Psychoanalytic theory is the theory of personality organization and the dynamics of personality development relating to the practice of psychoanalysis, a clinical method for treating psychopathology. First laid out by Sigmund Freud in the late 19th century (particularly in his 1899 book The Interpretation of Dreams), psychoanalytic theory has undergone many refinements since his work. The psychoanalytic theory came to full prominence in the last third of the twentieth century as part of the flow of critical discourse regarding psychological treatments after the 1960s, long after Freud's death in 1939.[1] Freud had ceased his analysis of the brain and his physiological studies and shifted his focus to the study of the psyche, and on treatment using free association and the phenomena of transference. His study emphasized the recognition of childhood events that could influence the mental functioning of adults. His examination of the genetic and then the developmental aspects gave the psychoanalytic theory its characteristics.[2]



Psychoanalytic and psychoanalytical are used in English. The latter is the older term, and at first, simply meant 'relating to the analysis of the human psyche.' But with the emergence of psychoanalysis as a distinct clinical practice, both terms came to describe that. Although both are still used, today, the normal adjective is psychoanalytic.[3]

Psychoanalysis is defined in the Oxford English Dictionary as

A therapeutic method, originated by Sigmund Freud, for treating mental disorders by investigating the interaction of conscious and unconscious elements in the patient's mind and bringing repressed fears and conflicts into the conscious mind, using techniques such as dream interpretation and free association. Also: a system of psychological theory is associated with this method.[4]

The beginnings


Freud began his studies on psychoanalysis in collaboration with Dr. Josef Breuer, most notably in relation to the case study of Anna O.[5] Anna O. was subject to a number of psychosomatic disturbances, such as not being able to drink out of fear.[6] Breuer and Freud found that hypnosis was a great help in discovering more about Anna O. and her treatment. Freud frequently referred to the study on Anna O. in his lectures on the origin and development of psychoanalysis.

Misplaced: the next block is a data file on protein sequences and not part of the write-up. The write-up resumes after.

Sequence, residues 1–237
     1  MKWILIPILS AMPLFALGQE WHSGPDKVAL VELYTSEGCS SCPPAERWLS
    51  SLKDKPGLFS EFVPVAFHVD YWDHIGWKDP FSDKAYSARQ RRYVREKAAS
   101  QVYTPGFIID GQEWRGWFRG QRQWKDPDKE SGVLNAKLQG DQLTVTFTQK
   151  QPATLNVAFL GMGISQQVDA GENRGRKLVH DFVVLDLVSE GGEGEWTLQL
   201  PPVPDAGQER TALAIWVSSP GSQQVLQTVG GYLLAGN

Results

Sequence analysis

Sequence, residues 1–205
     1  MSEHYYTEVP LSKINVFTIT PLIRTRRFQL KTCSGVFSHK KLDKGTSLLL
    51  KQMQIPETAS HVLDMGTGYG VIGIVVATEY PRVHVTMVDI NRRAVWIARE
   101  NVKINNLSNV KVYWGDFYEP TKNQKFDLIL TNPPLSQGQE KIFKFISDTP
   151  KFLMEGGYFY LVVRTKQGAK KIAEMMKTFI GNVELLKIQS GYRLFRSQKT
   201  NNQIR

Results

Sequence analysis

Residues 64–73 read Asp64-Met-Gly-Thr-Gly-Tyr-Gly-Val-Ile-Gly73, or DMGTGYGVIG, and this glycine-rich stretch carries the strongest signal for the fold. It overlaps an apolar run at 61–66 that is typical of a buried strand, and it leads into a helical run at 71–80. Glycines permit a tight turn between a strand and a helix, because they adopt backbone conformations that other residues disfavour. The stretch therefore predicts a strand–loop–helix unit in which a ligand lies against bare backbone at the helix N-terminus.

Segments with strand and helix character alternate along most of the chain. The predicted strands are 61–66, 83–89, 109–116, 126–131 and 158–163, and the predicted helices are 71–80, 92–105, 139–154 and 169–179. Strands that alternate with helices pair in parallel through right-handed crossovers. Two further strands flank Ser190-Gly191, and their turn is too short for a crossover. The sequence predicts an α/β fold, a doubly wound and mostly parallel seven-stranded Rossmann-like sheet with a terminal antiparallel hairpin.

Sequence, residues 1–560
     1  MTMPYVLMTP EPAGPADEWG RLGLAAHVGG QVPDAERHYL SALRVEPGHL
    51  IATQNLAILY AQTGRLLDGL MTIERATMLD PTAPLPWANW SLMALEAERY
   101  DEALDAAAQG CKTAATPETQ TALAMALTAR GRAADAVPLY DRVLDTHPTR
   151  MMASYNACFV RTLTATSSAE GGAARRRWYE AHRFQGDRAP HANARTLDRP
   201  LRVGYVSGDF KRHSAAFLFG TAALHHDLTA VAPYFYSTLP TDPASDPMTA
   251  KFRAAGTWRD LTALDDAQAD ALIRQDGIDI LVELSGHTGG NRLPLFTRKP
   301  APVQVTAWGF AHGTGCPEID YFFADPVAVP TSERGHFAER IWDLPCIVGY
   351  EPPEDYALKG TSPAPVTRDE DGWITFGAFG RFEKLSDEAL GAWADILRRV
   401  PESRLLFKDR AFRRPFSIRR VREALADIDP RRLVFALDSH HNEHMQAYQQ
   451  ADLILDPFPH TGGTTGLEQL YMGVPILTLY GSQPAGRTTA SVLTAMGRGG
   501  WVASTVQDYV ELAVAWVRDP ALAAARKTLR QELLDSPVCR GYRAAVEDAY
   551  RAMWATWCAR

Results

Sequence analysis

Observations in the Anna O. case led Freud to theorize that the problems faced by hysterical patients could be associated with painful childhood experiences that could not be recalled. The influence of these lost memories shaped the feelings, thoughts, and behaviors of patients. These studies contributed to the development of the psychoanalytic theory.[7]

The unconscious


In psychoanalytic theory, the unconscious mind consists of ideas and drives that have been subject to the mechanism of Repression: anxiety-producing impulses in childhood are barred from consciousness, but do not cease to exist, and exert a constant pressure in the direction of consciousness. However, the content of the unconscious is only knowable to consciousness through its representation in a disguised or distorted form, by way of dreams and neurotic symptoms, as well as in slips of the tongue and jokes. The psychoanalyst seeks to interpret these conscious manifestations in order to understand the nature of the repressed. In psychoanalytic terms, the unconscious does not include all that is not conscious, but rather that which is actively repressed from conscious thought. Freud viewed the unconscious as a repository for socially unacceptable ideas, anxiety-producing wishes or desires, traumatic memories, and painful emotions put out of consciousness by the mechanism of repression. Such unconscious mental processes can only be recognized through analysis of their effects in consciousness. Unconscious thoughts are not directly accessible to ordinary introspection, but they are capable of partially evading the censorship mechanism of repression in a disguised form, manifesting, for example, as dream elements or neurotic symptoms. Dreams and symptoms are supposed to be capable of being "interpreted" during psychoanalysis, with the help of methods such as free association, dream analysis, and analysis of verbal slips.[8]

Personality structure